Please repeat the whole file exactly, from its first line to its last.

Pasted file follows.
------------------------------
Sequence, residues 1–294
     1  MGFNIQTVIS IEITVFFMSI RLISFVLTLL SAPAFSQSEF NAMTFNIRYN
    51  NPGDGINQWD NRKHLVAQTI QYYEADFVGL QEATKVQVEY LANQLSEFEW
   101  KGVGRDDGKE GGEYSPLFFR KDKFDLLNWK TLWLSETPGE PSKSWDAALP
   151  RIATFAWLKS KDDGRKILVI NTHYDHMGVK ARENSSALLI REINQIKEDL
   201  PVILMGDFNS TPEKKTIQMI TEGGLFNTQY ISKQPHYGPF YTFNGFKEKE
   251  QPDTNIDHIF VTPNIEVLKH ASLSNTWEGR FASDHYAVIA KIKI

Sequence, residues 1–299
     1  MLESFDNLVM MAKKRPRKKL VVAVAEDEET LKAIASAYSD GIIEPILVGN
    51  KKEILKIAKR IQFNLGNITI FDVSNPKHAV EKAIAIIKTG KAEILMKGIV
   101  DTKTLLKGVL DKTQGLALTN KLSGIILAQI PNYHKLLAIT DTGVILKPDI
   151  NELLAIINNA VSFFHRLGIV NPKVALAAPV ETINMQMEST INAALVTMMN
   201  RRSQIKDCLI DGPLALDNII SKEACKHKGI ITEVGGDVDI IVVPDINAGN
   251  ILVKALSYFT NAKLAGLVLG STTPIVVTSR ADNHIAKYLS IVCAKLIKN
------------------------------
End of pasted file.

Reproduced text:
Sequence, residues 1–294
     1  MGFNIQTVIS IEITVFFMSI RLISFVLTLL SAPAFSQSEF NAMTFNIRYN
    51  NPGDGINQWD NRKHLVAQTI QYYEADFVGL QEATKVQVEY LANQLSEFEW
   101  KGVGRDDGKE GGEYSPLFFR KDKFDLLNWK TLWLSETPGE PSKSWDAALP
   151  RIATFAWLKS KDDGRKILVI NTHYDHMGVK ARENSSALLI REINQIKEDL
   201  PVILMGDFNS TPEKKTIQMI TEGGLFNTQY ISKQPHYGPF YTFNGFKEKE
   251  QPDTNIDHIF VTPNIEVLKH ASLSNTWEGR FASDHYAVIA KIKI

Sequence, residues 1–299
     1  MLESFDNLVM MAKKRPRKKL VVAVAEDEET LKAIASAYSD GIIEPILVGN
    51  KKEILKIAKR IQFNLGNITI FDVSNPKHAV EKAIAIIKTG KAEILMKGIV
   101  DTKTLLKGVL DKTQGLALTN KLSGIILAQI PNYHKLLAIT DTGVILKPDI
   151  NELLAIINNA VSFFHRLGIV NPKVALAAPV ETINMQMEST INAALVTMMN
   201  RRSQIKDCLI DGPLALDNII SKEACKHKGI ITEVGGDVDI IVVPDINAGN
   251  ILVKALSYFT NAKLAGLVLG STTPIVVTSR ADNHIAKYLS IVCAKLIKN